(Phys.org)—A team of researchers with the Carnegie Institution for Science and the University of Pennsylvania has developed a model that allows for accurately predicting how ferroelectric materials will behave when exposed to an electric field. In their paper published in the journal Nature, the team describes how they used one factor all such materials had in common to create the model and how it might be used in future applications. Patrycja Paruch with the University of Geneva and Philippe Ghosez with the University of Liège offer a News & Views paper on the work done by the team in the same issue, and why they believe the model could be used to design new types of sensors.
Ferroelectric materials are those that exhibit spontaneous electric polarization when exposed to an electric field. They are used in a wide variety of applications such as tunable capacitors. Over time, scientists have discovered that it is possible to make a single material that has different parts of it that polarize in different directions when the electric field is applied. These parts are known as regions and they are separated from one another by what are known as domain walls. Polarization can occur for any one domain when it is aligned with the direction of the electric field, thus only those that polarize in the same direction as the electric field polarize when the field is applied—when this occurs the domain is caused to grow in size, taking over some of the area occupied by other regions by causing new region growth or by bending the walls of the border that separates them. It is this second action that was at the heart of the research done by the group with this new effort, because domain wall motion is integral to the functioning of a finished product when making something that relies on ferroelectric materials—but up till now, engineers had no way of predicting how those walls would behave under different conditions with different materials.
To create a model able to make such predictions, the researchers relied on the fact that all ferroelectric materials have one trait in common: the potential energy across planes of crystal lattices serve as a periodic pinning potential that controls the motion of domain walls. Using this one factor allowed the researchers to create a model able to predict domain wall action across a wide range of ferroelectric materials, which should help reduce development time, and even perhaps lead to new types of devices based on ferroelectric materials.
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More information: Shi Liu et al. Intrinsic ferroelectric switching from first principles, Nature (2016). DOI: 10.1038/nature18286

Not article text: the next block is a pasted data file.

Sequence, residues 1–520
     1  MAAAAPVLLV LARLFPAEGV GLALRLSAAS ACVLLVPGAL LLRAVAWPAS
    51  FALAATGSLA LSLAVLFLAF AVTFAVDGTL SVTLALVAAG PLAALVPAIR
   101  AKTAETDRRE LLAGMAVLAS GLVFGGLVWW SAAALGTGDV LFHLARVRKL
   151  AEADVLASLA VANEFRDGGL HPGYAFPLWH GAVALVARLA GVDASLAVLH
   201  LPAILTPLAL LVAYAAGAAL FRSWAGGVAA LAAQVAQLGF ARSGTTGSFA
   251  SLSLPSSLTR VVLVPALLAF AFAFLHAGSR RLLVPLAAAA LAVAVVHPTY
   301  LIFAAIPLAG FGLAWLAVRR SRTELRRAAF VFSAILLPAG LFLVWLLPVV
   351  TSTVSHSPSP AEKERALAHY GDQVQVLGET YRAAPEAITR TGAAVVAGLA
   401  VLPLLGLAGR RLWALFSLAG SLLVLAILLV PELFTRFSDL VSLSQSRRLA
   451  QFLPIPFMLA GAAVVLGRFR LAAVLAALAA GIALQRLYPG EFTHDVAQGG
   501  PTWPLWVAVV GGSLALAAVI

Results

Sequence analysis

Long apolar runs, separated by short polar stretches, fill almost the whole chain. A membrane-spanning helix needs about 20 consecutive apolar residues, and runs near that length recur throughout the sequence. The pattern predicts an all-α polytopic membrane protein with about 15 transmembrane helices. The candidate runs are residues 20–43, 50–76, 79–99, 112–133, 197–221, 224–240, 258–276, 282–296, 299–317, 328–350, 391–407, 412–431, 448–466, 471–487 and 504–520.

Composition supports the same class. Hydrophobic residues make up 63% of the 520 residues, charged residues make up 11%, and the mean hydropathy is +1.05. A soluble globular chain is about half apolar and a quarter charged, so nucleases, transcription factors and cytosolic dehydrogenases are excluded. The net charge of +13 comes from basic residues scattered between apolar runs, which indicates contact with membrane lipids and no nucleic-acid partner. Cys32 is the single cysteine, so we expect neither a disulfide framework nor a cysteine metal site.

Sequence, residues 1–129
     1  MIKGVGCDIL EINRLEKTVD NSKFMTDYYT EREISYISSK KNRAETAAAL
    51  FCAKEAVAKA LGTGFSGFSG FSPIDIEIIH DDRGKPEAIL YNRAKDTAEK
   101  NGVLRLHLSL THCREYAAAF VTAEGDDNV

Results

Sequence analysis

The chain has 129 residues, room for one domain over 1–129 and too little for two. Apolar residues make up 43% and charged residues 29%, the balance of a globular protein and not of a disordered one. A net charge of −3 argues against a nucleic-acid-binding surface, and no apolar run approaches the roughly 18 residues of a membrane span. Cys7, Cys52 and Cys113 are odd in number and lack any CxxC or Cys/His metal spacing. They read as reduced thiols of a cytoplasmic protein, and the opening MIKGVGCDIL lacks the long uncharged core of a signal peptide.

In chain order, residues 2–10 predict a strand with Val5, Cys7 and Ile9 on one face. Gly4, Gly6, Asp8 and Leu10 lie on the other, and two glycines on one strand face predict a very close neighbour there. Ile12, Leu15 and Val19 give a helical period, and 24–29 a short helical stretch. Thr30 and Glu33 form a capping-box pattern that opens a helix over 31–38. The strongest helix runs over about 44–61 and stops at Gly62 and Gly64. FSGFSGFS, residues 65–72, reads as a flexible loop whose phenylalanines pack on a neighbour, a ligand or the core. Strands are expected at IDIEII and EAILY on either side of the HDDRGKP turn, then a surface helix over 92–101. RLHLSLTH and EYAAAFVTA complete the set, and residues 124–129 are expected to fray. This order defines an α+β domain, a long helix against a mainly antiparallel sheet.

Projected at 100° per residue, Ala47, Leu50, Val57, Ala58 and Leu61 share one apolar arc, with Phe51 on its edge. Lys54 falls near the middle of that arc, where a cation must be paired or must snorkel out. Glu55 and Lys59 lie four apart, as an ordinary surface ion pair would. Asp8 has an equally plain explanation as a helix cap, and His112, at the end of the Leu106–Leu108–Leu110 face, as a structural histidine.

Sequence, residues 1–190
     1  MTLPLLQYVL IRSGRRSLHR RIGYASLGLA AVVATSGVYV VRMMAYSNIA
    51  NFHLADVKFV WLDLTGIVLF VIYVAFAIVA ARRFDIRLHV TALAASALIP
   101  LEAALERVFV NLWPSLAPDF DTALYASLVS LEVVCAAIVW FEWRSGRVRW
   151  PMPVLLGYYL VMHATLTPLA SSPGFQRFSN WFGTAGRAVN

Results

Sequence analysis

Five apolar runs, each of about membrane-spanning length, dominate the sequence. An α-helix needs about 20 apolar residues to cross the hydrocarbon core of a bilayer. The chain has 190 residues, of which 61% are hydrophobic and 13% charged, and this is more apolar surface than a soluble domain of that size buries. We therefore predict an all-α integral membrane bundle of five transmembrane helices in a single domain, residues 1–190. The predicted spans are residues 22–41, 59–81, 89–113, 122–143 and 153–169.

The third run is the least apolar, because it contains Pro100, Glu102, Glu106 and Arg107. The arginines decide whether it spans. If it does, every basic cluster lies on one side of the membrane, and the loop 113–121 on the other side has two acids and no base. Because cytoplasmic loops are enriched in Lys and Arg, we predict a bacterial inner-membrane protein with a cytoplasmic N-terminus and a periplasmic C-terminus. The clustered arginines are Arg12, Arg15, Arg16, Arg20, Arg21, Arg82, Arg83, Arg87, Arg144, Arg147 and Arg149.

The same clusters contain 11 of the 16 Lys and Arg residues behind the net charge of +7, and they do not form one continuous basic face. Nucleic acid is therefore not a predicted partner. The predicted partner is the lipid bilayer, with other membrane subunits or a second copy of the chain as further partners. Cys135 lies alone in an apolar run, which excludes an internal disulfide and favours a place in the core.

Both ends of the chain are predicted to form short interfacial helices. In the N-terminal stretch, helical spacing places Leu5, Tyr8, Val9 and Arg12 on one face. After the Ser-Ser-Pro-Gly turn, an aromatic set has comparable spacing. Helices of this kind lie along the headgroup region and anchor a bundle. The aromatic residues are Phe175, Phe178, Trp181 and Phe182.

The existence of domain walls, which separate regions of different polarization, can influence the dielectric, piezoelectric, pyroelectric and electronic properties of ferroelectric materials. In particular, domain-wall motion is crucial for polarization switching, which is characterized by the hysteresis loop that is a signature feature of ferroelectric materials. Experimentally, the observed dynamics of polarization switching and domain-wall motion are usually explained as the behaviour of an elastic interface pinned by a random potential that is generated by defects, which appear to be strongly sample-dependent and affected by various elastic, microstructural and other extrinsic effects. Theoretically, connecting the zero-kelvin, first-principles-based, microscopic quantities of a sample with finite-temperature, macroscopic properties such as the coercive field is critical for material design and device performance; and the lack of such a connection has prevented the use of techniques based on ab initio calculations for high-throughput computational materials discovery. Here we use molecular dynamics simulations of 90° domain walls (separating domains with orthogonal polarization directions) in the ferroelectric material PbTiO3 to provide microscopic insights that enable the construction of a simple, universal, nucleation-and-growth-based analytical model that quantifies the dynamics of many types of domain walls in various ferroelectrics. We then predict the temperature and frequency dependence of hysteresis loops and coercive fields at finite temperatures from first principles. We find that, even in the absence of defects, the intrinsic temperature and field dependence of the domain-wall velocity can be described with a nonlinear creep-like region and a depinning-like region. Our model enables quantitative estimation of coercive fields, which agree well with experimental results for ceramics and thin films. This agreement between model and experiment suggests that, despite the complexity of ferroelectric materials, typical ferroelectric switching is largely governed by a simple, universal mechanism of intrinsic domain-wall motion, providing an efficient framework for predicting and optimizing the properties of ferroelectric materials.